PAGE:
Many agree that the problem with drugged driving has gotten worse over recent years. Although not necessarily a smoking gun, one piece of evidence to this point is that, in 2016, of drivers who died in fatal car accidents, 44 percent had drugs in their systems. In 2006, this number was only 28 percent.
The National Highway Transportation Safety Administration, or NHTSA, a federal agency, has in response to this problem started a nationwide ad campaign in order to bring awareness to the issue of drugged driving. The "Drive high, get a DUI" campaign is currently full swing and will remain so through Labor Day.
Indeed, especially with the growing acceptance of marijuana as a legitimate recreational drug, law enforcers have had their hands full trying to keep up with the challenges that drugged driving presents.
For one, the priority traditionally has been on dealing with drunk driving, and so more officers need to be trained on how to spot drugged drivers and to distinguish them from those who are drunk or simply suffering from some of legitimate condition.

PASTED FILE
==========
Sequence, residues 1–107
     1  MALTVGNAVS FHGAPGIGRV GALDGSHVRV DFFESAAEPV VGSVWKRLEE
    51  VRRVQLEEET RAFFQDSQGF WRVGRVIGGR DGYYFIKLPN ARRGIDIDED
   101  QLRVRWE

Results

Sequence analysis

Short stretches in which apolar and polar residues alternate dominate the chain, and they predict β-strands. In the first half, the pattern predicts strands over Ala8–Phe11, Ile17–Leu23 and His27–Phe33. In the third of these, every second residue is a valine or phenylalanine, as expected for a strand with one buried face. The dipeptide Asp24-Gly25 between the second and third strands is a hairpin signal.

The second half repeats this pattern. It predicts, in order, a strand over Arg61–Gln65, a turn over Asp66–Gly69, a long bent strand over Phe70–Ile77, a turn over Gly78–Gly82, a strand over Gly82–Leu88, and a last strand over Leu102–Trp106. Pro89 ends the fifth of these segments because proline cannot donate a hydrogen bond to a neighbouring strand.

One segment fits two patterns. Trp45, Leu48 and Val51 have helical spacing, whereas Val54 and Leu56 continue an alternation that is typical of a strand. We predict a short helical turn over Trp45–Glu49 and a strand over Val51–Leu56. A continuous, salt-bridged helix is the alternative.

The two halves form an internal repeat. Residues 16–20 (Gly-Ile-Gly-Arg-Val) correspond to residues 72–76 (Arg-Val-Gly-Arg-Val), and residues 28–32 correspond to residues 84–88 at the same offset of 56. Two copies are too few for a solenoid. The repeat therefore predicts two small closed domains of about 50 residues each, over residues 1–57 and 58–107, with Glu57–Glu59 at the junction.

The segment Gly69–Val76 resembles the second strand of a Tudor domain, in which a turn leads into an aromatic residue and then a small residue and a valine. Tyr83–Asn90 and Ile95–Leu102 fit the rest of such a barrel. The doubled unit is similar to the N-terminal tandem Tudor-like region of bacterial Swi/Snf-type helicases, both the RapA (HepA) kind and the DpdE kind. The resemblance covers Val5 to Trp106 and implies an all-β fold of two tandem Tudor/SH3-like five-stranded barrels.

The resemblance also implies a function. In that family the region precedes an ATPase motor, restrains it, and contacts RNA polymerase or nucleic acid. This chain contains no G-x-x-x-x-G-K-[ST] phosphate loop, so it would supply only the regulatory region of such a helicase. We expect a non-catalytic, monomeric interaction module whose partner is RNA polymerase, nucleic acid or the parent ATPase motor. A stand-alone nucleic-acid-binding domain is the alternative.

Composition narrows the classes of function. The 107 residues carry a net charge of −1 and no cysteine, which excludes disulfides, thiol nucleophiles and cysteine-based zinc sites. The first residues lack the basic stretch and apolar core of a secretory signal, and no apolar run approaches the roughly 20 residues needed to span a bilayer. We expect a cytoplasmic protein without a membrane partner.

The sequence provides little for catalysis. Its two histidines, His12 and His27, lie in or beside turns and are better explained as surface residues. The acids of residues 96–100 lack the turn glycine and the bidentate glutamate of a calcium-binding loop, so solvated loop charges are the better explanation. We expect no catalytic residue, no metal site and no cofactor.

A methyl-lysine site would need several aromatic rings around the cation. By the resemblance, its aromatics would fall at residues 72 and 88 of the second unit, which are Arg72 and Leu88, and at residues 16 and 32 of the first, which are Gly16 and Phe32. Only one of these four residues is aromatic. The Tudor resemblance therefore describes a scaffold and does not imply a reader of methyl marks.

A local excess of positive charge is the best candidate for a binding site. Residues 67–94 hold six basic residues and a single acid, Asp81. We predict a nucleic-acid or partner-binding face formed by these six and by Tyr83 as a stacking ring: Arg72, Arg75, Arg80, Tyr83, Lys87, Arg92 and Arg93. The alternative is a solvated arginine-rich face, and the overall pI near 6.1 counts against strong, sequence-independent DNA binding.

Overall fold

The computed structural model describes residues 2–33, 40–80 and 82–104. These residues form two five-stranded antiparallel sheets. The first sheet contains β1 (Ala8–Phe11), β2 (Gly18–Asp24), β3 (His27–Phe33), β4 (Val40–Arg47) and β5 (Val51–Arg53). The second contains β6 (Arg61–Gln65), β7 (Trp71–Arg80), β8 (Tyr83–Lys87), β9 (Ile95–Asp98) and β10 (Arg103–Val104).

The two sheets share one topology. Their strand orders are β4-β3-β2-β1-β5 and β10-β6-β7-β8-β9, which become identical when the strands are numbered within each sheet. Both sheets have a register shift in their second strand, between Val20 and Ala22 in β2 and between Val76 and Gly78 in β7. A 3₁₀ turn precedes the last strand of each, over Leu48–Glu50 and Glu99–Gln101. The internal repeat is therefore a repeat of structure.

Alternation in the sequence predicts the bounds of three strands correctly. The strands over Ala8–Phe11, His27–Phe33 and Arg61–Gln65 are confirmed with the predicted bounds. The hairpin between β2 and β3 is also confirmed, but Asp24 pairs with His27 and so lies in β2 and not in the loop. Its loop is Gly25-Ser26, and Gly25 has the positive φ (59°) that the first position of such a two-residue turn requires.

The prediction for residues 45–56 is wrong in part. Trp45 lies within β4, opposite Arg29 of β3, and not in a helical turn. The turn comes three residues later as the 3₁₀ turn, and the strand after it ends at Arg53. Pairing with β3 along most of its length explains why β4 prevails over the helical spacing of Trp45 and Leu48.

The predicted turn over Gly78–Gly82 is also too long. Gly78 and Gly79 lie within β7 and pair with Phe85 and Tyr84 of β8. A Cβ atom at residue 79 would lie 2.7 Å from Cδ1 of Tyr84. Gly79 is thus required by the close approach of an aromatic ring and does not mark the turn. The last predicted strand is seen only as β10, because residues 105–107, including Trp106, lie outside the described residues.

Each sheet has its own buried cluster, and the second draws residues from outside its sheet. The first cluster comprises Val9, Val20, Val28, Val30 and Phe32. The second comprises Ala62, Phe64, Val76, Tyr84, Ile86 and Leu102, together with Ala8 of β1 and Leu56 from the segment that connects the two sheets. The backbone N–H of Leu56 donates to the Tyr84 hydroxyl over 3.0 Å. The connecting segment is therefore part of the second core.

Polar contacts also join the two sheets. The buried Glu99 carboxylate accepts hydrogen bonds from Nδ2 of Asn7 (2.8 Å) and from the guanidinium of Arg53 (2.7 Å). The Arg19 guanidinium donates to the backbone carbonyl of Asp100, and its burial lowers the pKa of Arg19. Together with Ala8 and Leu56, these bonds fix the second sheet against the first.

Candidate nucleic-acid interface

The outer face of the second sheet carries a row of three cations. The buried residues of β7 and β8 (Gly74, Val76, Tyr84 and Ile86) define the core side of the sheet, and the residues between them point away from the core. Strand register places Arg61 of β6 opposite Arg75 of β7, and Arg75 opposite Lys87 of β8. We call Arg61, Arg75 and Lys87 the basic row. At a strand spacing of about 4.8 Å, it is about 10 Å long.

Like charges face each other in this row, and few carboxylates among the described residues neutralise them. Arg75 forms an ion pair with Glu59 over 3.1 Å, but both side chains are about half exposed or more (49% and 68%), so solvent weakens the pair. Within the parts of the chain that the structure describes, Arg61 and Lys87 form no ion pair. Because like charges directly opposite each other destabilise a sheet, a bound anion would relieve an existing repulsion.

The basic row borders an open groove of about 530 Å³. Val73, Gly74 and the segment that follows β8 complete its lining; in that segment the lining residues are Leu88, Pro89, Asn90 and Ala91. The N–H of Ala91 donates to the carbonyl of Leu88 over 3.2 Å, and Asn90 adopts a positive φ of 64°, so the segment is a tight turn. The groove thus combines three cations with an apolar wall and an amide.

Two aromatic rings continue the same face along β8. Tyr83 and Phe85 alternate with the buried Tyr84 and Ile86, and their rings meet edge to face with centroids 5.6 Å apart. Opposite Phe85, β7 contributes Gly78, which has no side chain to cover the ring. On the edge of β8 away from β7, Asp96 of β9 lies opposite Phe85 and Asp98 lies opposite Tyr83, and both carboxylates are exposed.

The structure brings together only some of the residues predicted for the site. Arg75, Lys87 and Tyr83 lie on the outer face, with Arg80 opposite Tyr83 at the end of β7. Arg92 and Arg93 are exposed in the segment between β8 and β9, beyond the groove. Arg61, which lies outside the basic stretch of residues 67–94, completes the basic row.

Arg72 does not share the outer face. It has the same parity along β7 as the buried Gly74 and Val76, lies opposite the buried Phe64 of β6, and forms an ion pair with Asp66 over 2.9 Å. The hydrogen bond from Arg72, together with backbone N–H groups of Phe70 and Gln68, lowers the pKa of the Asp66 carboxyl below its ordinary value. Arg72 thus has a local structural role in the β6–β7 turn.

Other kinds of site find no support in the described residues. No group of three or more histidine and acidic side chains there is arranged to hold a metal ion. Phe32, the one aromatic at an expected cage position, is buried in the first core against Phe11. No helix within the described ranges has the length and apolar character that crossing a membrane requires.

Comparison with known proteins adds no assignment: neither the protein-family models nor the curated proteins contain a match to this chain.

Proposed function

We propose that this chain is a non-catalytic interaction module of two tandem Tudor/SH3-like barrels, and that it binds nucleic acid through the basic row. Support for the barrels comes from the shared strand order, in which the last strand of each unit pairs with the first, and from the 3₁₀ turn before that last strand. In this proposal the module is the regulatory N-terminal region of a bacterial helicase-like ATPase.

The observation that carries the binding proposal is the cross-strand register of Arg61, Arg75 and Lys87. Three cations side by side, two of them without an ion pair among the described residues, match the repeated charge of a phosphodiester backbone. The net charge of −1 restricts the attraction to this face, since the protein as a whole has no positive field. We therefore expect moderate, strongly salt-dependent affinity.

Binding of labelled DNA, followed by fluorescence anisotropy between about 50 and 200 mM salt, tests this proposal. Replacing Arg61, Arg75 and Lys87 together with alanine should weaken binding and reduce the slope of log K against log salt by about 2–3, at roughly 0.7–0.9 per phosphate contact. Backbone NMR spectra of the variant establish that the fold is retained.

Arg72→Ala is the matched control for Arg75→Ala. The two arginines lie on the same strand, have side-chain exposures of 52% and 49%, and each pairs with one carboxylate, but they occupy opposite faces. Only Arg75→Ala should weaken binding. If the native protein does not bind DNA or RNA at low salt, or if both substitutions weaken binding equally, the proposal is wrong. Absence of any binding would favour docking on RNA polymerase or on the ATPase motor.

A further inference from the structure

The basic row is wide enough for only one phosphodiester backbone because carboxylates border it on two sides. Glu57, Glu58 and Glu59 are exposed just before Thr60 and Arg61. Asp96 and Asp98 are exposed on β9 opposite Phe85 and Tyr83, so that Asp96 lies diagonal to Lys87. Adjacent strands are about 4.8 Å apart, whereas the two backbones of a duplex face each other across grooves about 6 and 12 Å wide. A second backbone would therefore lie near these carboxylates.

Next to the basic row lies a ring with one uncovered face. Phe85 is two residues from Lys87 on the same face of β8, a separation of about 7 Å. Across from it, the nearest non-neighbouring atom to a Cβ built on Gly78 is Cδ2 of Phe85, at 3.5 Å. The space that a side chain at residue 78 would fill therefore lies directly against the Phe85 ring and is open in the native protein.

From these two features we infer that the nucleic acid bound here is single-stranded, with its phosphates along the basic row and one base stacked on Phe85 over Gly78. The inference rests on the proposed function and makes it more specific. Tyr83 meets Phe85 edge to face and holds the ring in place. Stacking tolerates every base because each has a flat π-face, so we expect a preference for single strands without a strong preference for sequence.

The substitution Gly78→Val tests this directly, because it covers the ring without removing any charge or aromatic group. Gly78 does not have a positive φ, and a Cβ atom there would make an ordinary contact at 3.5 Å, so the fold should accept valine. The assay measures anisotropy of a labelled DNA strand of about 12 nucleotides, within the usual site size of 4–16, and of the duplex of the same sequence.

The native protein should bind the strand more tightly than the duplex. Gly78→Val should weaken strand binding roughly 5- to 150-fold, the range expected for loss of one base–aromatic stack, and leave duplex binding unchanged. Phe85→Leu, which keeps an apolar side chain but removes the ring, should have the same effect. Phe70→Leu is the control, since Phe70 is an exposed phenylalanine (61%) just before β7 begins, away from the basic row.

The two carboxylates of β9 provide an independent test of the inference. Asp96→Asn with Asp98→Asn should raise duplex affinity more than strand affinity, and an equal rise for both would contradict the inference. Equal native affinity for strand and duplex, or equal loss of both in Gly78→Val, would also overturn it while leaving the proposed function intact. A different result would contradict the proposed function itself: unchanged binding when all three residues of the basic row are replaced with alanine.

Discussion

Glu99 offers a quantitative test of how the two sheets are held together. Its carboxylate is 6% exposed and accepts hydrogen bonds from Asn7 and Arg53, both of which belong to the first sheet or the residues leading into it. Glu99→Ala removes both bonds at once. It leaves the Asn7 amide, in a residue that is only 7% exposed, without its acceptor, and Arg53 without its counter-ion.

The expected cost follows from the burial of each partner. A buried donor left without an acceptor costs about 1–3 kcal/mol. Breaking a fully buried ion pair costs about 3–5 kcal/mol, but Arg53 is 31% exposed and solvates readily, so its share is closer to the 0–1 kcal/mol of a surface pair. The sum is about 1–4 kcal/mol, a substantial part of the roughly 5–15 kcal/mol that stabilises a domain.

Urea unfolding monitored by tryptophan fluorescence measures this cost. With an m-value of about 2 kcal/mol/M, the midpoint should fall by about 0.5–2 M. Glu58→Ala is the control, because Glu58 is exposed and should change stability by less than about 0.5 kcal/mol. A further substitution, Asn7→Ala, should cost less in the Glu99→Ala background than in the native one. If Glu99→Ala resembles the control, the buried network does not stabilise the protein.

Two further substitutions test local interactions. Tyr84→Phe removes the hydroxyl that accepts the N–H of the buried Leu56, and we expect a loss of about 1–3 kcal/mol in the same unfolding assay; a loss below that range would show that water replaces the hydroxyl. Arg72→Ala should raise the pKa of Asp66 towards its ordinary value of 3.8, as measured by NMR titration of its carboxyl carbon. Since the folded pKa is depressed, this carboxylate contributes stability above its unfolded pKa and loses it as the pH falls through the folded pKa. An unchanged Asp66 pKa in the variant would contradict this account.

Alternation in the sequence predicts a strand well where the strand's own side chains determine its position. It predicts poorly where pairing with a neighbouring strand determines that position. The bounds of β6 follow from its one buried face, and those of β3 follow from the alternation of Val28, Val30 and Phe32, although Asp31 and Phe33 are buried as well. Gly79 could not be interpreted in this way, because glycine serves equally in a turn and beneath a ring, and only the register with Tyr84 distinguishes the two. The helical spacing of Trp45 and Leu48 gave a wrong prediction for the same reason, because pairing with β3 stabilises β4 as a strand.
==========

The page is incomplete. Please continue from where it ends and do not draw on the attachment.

Moreover, it is harder for objective tests, like a blood draw, to determine conclusively whether a person was under the influence of drugs. This is because some drugs, including marijuana, stay in a person's system for days or even weeks.
While one can hope that Killeen, Texas, residents will get the message about avoiding drugged driving, there will no doubt be some who choose to put the lives of others at risk. Should these people actually cause an accident, a victim may be able to pursue compensation from them.